Comparative Effectiveness of Clinical-Community Childhood Obesity Interventions: A Randomized Clinical Trial

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Abstract

Importance

Novel approaches to care delivery that leverage clinical and community resources could improve body mass index (BMI) and family-centered outcomes.

Objective

To examine the extent to which 2 clinical-community interventions improved child BMI z score and health-related quality of life, as well as parental resource empowerment in the Connect for Health Trial.

Design, Setting, and Participants

This 2-arm, blinded, randomized clinical trial was conducted from June 2014 through March 2016, with measures at baseline and 1 year after randomization. This intent-to-treat analysis included 721 children ages 2 to 12 years with BMI in the 85th or greater percentile from 6 primary care practices in Massachusetts.

Interventions

Children were randomized to 1 of 2 arms: (1) enhanced primary care (eg, flagging of children with BMI ≥ 85th percentile, clinical decision support tools for pediatric weight management, parent educational materials, a Neighborhood Resource Guide, and monthly text messages) or (2) enhanced primary care plus contextually tailored, individual health coaching (twice-weekly text messages and telephone or video contacts every other month) to support behavior change and linkage of families to neighborhood resources.

Main Outcomes and Measures

One-year changes in age- and sex-specific BMI z score, child health-related quality of life measured by the Pediatric Quality of Life 4.0, and parental resource empowerment.

Results

At 1 year, we obtained BMI z scores from 664 children (92%) and family-centered outcomes from 657 parents (91%). The baseline mean (SD) age was 8.0 (3.0) years; 35% were white (n = 252), 33.3% were black (n = 240), 21.8% were Hispanic (n = 157), and 9.9% were of another race/ethnicity (n = 71). In the enhanced primary care group, adjusted mean (SD) BMI z score was 1.91 (0.56) at baseline and 1.85 (0.58) at 1 year, an improvement of −0.06 BMI z score units (95% CI, −0.10 to −0.02) from baseline to 1 year. In the enhanced primary care plus coaching group, the adjusted mean (SD) BMI z score was 1.87 (0.56) at baseline and 1.79 (0.58) at 1 year, an improvement of −0.09 BMI z score units (95% CI, −0.13 to −0.05). However, there was no significant difference between the 2 intervention arms (difference, −0.02; 95% CI, −0.08 to 0.03; P = .39). Both intervention arms led to improved parental resource empowerment: 0.29 units (95% CI, 0.22 to 0.35) higher in the enhanced primary care group and 0.22 units (95% CI, 0.15 to 0.28) higher in the enhanced primary care plus coaching group. Parents in the enhanced primary care plus coaching group, but not in the enhanced care alone group, reported improvements in their child’s health-related quality of life (1.53 units; 95% CI, 0.51 to 2.56). However, there were no significant differences between the intervention arms in either parental resource empowerment (0.07 units; 95% CI, −0.02 to 0.16) or child health-related quality of life (0.89 units; 95% CI, −0.56 to 2.33).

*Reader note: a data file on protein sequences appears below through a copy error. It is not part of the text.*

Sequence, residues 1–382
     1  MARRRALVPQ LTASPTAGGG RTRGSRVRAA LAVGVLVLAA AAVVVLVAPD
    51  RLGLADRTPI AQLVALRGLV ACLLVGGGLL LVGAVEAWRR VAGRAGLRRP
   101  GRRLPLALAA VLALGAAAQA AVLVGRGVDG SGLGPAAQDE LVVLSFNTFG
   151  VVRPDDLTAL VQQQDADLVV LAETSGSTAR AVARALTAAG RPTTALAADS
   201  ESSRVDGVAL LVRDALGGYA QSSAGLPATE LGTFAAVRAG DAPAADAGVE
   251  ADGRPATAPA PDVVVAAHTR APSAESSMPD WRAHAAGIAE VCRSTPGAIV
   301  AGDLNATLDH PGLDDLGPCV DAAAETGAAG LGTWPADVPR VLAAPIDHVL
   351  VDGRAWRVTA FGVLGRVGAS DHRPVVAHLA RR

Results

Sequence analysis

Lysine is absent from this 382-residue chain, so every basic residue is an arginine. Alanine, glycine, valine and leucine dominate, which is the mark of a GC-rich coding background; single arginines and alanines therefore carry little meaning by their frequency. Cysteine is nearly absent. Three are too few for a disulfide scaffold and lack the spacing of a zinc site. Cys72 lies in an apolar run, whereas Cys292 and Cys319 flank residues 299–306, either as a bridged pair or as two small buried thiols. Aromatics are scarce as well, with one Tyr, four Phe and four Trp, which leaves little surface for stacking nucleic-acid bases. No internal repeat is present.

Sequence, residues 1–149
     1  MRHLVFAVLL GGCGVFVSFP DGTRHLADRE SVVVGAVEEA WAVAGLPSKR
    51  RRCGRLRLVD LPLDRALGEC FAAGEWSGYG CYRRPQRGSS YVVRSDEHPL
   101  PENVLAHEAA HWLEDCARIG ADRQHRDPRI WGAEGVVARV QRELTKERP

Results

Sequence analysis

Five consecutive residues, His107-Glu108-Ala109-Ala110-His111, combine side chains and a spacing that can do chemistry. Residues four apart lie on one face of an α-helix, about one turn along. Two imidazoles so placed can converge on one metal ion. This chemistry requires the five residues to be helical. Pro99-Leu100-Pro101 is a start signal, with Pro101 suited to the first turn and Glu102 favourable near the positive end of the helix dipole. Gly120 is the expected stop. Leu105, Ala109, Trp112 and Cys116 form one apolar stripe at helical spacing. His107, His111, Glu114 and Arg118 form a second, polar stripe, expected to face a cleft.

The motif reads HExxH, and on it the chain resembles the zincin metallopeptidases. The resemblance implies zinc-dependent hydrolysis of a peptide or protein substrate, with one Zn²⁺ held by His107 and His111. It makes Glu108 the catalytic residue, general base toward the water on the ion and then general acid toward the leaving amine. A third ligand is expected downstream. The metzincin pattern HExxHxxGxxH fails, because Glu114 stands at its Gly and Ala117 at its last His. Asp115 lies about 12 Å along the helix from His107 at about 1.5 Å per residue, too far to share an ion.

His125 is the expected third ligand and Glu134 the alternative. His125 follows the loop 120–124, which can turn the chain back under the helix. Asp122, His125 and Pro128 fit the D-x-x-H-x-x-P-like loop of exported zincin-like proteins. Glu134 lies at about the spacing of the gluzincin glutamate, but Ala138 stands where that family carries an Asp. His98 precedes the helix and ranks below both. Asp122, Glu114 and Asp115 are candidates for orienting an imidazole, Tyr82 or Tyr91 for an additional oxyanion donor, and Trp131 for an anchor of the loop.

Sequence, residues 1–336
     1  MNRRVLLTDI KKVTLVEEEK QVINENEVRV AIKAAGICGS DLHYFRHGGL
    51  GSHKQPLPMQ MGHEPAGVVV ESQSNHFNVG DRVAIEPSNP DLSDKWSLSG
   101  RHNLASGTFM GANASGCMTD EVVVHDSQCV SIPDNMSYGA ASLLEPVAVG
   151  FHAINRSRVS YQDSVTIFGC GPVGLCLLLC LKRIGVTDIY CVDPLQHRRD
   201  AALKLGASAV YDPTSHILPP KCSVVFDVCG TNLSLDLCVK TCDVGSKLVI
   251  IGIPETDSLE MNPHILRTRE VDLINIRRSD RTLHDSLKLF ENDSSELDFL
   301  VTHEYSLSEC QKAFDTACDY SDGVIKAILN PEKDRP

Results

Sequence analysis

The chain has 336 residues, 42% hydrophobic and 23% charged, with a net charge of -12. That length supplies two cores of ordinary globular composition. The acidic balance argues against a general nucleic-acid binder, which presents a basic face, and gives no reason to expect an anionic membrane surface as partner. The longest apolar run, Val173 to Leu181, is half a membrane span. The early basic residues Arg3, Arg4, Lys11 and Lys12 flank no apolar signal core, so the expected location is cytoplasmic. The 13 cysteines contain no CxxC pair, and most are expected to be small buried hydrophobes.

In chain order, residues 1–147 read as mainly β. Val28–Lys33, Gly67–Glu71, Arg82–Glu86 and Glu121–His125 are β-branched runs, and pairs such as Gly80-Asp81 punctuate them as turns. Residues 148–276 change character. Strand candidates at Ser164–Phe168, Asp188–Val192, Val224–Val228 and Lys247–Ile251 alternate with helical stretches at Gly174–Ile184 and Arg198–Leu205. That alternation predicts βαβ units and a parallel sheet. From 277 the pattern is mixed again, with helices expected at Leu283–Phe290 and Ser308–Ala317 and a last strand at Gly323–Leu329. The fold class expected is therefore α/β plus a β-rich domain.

Conclusions and Relevance

Two interventions that included a package of high-quality clinical care for obesity and linkages to community resources resulted in improved family-centered outcomes for childhood obesity and improvements in child BMI.

Trial Registration

clinicaltrials.gov Identifier: NCT02124460

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